The Colorful World of Ketamine Slang: Origins & Street Names For Ketamine

Ketamine has many names — let’s look at the most common and how they came about.

By Kat Lubiano Last Updated: February 12, 2024
Last Updated: February 12, 2024

Ketamine was developed in 1962 as a dissociative anesthetic drug and is used in human medicine and veterinary practices as an anesthetic, analgesic, and for treating mood disorders such as depression and PTSD. 

Over the decades, ketamine has worn many hats. The drug’s potent, psychedelic qualities piqued interest for recreational use beyond the sterile confines of the hospital. During this time, it’s collected quite a few nicknames.

Ketamine’s effects are rooted in its action on the NMDA receptors. It has the capacity to separate one’s conscious experience from the physical body, leaving users in a sort of “euphoric nothingness.” This effect, and its interaction with NMDA, has inspired many of its street names.

We’ll look at ketamine’s other names and their origins, its pharmaceutical names, and tips for staying safe when using it. 

List of Common Ketamine Street Names & the Stories Behind Them

You know how every group of friends has inside jokes and nicknames only those in the group would get? As drugs enter underground circles, they also pick up some colorful names.

Depending on where you’re from, the crowd you hang out with, or even the music you’re into, the slang for recreational drugs can vary. Some street names for ketamine come from pop culture references, while others are like secret handshakes — a way to feel like you’re part of an exclusive group.

While some of ketamine’s street names, like “Vitamin K” or “Ket,” are pretty clear nods to its name, others leave you scratching your head. We did some digging to try to piece together how these nicknames came to be.

Special K

“Special K” conveniently aligns with the “K” in “ketamine.” It’s common in drug culture to use abbreviations or plays on words based on the drug’s scientific or commercial name. For instance, “E” for ecstasy or “Molly” for MDMA.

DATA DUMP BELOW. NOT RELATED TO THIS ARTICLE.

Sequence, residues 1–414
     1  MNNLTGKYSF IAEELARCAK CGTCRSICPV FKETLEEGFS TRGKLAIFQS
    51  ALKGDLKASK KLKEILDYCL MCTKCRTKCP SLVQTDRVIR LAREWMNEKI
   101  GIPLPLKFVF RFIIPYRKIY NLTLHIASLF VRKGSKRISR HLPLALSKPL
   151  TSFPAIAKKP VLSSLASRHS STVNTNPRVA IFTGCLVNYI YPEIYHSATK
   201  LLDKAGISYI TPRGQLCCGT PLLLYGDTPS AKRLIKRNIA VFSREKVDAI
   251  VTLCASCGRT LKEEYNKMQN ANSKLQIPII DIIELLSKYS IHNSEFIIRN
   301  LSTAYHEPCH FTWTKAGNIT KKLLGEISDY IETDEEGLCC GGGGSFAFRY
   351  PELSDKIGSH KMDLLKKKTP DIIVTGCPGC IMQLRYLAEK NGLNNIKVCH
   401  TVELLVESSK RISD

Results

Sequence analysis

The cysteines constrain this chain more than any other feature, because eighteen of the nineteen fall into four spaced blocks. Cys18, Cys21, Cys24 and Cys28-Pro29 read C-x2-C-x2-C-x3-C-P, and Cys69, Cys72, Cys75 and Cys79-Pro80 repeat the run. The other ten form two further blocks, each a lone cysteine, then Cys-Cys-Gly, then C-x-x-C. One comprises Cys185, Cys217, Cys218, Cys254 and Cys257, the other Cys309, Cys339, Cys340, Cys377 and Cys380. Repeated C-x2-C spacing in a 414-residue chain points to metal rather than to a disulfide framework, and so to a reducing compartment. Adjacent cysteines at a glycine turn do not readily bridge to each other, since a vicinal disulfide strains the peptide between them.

But there is a cultural association in the mix here, too.

Special K is also a brand of American breakfast cereal produced by Kellogg’s and marketed as a health and weight management meal. There’s a touch of irony in borrowing a name linked to a health-centric cereal for something as potent as ketamine, often used as a club drug.

Super Acid

“Super Acid” is a street name that may not be as immediately intuitive as “Special K.”

Both ketamine and acid (the colloquial term for LSD or lysergic acid diethylamide) are notable substances within the psychedelic and psychonaut communities. While their chemical structures, primary mechanisms of action, and how you administer the drugs differ, they can induce profound alterations in perception, mood, and various cognitive processes.

As a club drug, taken as small bumps of white powder through the nostrils, ketamine can make you feel really chill — it helps loosen your inhibitions and zone out into the music. At higher dosages, you’ll start to feel its dissociative effects, which can include feelings of detachment from one’s surroundings and even from oneself.

On the other hand, LSD is a classic psychedelic that primarily affects serotonin receptors and can lead to vivid hallucinations and altered thought processes. At higher dosages of LSD, you’re unlikely to dissociate, but both experiences can lead to profound and sometimes ineffable psychedelic experiences.

“Super Acid” could be seen as an attempt to convey the intense, and for some users, “enhanced” psychedelic experiences they’ve had with ketamine compared to traditional acid (LSD). It reflects how street names often arise from users’ subjective experiences with drugs.